The action, which will test the African National Congress government's relationship with its large trade-union support base, involves more than 500,000 workers.
It is the biggest strike since the ANC came to power in 1994 and follows union action linked to fears of job cuts in the mining sector as a result of the falling gold price.
But in Soweto some workers at the Chris Hani-Baragwanath Hospital felt that to strike amounted to betraying the government they had struggled for in the apartheid years.
On a small but vociferous picket line outside the 3,000-bed hospital, Lindelwa Dunjwa, a nurse in the 230,000-strong National Education, Health and Allied Workers Union (Nehawu), said: "We need to convince the workers that we are not fighting against our government. We are fighting against the employer.
"In the struggle against apartheid we were fighting for workers' rights and we must flex our muscle.''
A spokeswoman for the hospital said most of the 7,000 staff had turned up for work. "There is a good relationship between unions and the administration, because everyone here does an important job for Soweto,'' said the spokeswoman, Hester Vorster, who was helping out in the maternity ward.
But Jabu Buthelezi, a porter and Nehawu member, said that even though he had been among those who last month handed the ANC a two-thirds majority in the country's second democratic elections, he could not live on 1,900 rand (pounds 200) a month. "My wife is a nurse, we have three children, and we take home around 3,000 rand between us.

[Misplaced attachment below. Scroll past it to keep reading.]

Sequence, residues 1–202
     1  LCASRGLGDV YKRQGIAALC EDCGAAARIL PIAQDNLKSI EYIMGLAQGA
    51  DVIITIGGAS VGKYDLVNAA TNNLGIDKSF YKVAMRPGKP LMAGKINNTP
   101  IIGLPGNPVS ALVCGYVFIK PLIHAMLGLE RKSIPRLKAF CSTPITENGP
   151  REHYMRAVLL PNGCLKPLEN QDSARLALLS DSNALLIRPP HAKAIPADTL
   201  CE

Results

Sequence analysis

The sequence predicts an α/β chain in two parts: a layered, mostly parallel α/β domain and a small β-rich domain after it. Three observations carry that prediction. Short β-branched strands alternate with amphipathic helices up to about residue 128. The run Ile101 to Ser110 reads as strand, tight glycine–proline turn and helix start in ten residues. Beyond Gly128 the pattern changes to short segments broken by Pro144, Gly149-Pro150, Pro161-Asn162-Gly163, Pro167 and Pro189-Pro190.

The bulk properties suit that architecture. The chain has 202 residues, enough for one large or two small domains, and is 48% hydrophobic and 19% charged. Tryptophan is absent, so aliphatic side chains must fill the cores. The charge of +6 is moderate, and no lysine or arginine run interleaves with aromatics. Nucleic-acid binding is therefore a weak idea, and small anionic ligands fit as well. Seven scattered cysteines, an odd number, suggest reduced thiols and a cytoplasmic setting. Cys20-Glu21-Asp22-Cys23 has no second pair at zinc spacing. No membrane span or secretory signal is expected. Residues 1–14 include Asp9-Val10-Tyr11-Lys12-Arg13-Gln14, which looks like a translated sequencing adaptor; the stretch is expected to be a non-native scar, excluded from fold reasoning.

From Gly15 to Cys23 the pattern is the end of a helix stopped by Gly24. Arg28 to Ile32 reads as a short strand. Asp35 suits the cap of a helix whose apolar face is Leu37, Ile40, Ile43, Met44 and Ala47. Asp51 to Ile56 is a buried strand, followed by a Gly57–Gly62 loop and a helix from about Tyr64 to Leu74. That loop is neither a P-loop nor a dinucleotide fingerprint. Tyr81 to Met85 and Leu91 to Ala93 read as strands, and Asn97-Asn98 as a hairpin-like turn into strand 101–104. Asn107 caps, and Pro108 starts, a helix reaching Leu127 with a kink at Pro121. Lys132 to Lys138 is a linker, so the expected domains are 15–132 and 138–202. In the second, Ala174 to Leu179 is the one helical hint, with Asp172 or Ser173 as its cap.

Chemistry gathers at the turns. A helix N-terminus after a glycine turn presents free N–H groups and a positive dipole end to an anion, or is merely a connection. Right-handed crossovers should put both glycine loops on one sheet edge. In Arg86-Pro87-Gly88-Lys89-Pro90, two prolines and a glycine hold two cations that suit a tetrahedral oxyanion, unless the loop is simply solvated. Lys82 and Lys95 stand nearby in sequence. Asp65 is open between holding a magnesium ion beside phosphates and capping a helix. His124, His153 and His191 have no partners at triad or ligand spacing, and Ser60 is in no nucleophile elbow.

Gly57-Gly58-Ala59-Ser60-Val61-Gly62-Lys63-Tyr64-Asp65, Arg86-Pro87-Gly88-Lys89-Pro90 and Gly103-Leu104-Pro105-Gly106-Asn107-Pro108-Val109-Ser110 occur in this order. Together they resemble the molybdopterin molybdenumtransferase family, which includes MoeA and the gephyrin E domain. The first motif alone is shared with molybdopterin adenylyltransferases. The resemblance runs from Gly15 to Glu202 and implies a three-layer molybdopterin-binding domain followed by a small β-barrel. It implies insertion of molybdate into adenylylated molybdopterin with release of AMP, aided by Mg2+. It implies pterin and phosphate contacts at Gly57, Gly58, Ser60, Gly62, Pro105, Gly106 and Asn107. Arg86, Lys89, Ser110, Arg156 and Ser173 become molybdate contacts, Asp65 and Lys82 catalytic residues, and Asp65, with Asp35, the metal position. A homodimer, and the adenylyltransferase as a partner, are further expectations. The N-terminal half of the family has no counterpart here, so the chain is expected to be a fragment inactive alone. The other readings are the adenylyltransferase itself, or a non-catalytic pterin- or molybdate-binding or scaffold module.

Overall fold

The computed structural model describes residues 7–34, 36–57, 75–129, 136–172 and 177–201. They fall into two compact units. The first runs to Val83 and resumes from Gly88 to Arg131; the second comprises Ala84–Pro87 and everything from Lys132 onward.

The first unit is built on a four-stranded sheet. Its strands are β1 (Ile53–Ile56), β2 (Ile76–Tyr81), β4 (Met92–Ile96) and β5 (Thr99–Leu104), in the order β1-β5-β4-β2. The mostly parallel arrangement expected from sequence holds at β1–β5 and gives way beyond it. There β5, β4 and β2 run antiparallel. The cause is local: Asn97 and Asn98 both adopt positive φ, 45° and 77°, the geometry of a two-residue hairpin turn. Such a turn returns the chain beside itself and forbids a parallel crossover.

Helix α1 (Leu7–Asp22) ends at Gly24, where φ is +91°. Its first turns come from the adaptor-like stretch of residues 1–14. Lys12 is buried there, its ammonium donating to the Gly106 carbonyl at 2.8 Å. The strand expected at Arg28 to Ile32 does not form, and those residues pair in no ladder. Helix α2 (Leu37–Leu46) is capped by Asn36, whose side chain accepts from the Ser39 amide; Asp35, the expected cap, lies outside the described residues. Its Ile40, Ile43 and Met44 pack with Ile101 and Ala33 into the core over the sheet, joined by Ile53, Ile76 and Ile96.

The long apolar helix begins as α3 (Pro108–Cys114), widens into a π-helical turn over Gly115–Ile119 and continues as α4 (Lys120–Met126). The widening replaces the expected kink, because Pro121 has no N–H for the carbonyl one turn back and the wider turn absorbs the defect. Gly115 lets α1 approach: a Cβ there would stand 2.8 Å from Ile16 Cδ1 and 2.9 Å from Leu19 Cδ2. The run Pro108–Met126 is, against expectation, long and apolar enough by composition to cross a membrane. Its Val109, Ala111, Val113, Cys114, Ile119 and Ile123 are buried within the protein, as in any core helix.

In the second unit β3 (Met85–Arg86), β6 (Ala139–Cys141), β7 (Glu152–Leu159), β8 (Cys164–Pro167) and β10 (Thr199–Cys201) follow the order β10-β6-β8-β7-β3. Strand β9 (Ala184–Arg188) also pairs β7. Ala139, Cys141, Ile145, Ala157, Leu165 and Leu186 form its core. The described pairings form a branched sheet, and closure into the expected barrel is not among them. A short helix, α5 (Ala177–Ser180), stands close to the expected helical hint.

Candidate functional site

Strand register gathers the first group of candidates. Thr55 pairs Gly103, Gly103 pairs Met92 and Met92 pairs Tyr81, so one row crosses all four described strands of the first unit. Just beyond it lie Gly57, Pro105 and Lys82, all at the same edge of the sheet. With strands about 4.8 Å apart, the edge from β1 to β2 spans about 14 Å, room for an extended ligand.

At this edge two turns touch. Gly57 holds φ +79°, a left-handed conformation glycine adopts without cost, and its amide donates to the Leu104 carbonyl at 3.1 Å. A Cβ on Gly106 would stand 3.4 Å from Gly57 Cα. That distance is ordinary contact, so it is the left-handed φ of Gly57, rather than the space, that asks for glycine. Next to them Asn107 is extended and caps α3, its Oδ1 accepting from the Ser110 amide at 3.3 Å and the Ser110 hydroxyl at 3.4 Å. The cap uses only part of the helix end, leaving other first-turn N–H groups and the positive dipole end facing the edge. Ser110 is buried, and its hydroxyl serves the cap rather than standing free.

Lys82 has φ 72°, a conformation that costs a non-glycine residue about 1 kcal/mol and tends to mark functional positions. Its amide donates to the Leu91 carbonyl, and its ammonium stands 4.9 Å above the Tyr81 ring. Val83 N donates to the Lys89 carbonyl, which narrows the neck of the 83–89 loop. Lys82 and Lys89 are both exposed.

"We are living in a debt trap. Some months we have to go to the loan sharks just to get enough money to pay our transport to work.''
The president of Nehawu, Vusi Nhlapho, turned up at the singing and dancing lunchtime picket to show his support. "This is only the first day of the strike. It will expand next week if the government does not make an improved offer,'' he said.
But the Public Service Minister, Geraldine Fraser-Moleketi, said only that she hoped the parties would "arrive at a formula within the present fiscal constraints".
The government has said it has only R3.2bn to fund the public-sector pay increase - equivalent to a 6.3 per cent pay rise for the majority of the public service and 6.8 per cent for teachers.
Ms Fraser-Moleketi said that even though the industrial action is legal, strikers will not be paid. "We are going to effect the no-work, no-pay rule, because we are aware that if you are engaging in strike action it is very clear that you are willing to consider a sacrifice," she told national radio.
There were reports that teachers, 80 per cent of whom belong to the South African Democratic Teachers' Union, had supported the strike in large numbers. Police unions were spreading their strike over several days.
Most government offices were closed yesterday. The public-sector strike comes 10 days after some 6,000 mineworkers marched on the British High Commission and the Swiss Embassy in Pretoria to demand an end to gold sales by central banks and the International Monetary Fund.
The financial markets' reaction to planned gold sales - to fund Third World debt relief and as part of central banks' moves to reduce their reserves of the metal - has caused a slump in the industry.
Two gold mines are on strike over retrenchment plans for more than 1,000 workers and there are predictions that the industry will cut up to 28,000 jobs in the next three months.